City of Duluth details plans for 2024 road repairs

14 miles of street repairs planned for Duluth this year

On Thursday, the City of Duluth held two public meetings to provide an update on this year's street repair planned. The focus for 2024 will be on repaving streets with poor pavements.

In 2017, a survey showed that 91% of Duluthians lacked confidence in the city’s streets. A pavement assessment done at the time showed that 55% of Duluth’s 450 miles of streets were in poor condition.

With around half a billion dollars in funds needed to address these needs, a majority of Duluth voters approved a referendum in 2017 that would dedicate a 1/2 percent sales tax to fund the Street Improvement Program. This tax was implemented in 2019, and 2020 was the first year of the program.

As the city kicks off the fourth year of street repairs using this tax money, two meetings were held Thursday to update residents on what to expect this construction season. One was virtual at noon, and the other was held at the Downtown Duluth Library at 5:30 pm.

“We had a meeting in the fall to let the community, to all that, everybody know who lives on a street that is getting work done, that they’re having a project happen and get early input. Now that the construction work is beginning, we wanted to meet with everybody, or at least invite everybody to a meeting, so that they could find out what does it actually mean from a construction perspective,” said City of Duluth Senior Transportation Planner James Gittemeier. “Most of the feedback that we’ve received is just concerns over that kind of really day to day practical, ‘How do I get in and out of my driveway or how do I know if I have to get someplace, how do I do that? Is this street closing or is it going to be mostly available and open all year?’ All those kind of related questions.”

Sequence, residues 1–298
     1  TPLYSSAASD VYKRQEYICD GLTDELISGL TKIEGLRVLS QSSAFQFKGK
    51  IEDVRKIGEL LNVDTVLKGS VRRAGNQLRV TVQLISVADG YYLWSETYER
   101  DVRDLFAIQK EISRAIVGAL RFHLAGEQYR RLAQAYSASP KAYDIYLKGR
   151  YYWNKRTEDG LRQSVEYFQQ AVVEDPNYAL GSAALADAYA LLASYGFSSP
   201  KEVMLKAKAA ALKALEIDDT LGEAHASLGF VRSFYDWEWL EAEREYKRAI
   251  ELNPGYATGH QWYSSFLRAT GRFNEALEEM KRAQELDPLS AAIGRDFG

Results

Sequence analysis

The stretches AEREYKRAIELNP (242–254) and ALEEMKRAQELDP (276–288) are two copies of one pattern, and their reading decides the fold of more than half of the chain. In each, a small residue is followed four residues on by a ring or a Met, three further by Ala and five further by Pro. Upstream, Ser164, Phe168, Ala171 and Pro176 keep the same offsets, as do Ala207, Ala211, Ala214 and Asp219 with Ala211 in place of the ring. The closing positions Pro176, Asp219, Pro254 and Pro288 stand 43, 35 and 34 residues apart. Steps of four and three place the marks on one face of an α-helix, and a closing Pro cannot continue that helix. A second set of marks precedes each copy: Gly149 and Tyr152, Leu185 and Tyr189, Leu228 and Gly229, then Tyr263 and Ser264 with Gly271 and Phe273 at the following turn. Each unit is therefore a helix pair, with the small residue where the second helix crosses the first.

Elaine Engel and her husband have lived in the same house for 31 years. The street they live on is on the list for this year’s repairs.

“It’s been needed for about 20 years, said Engel. “It’s usually a lot of problems. In fact, people have said, is your street a golf course? It just seems like it’s one pothole after another.”

Over the next ten years, the focus for street repairs will shift to be more in line with lead pipe replacement. This year, however, the focus will be on resurfacing streets with poor pavement conditions. There will be an estimated 14 miles of repair done this year, which is over twice as much as the usual six miles a year.

“Whether it’s an overlay, where it’s just new pavement on top of existing, or a mill where they grind it up, or a reclaim where they grind it all the way down to the subsurface, these repairs will create a fresh, smooth driving surface,” said Gittemeier.

The full list of streets that the city plans on repairing this year can be found here. This information in the form of a map can be found at this link, and the city will post weekly updates on their website.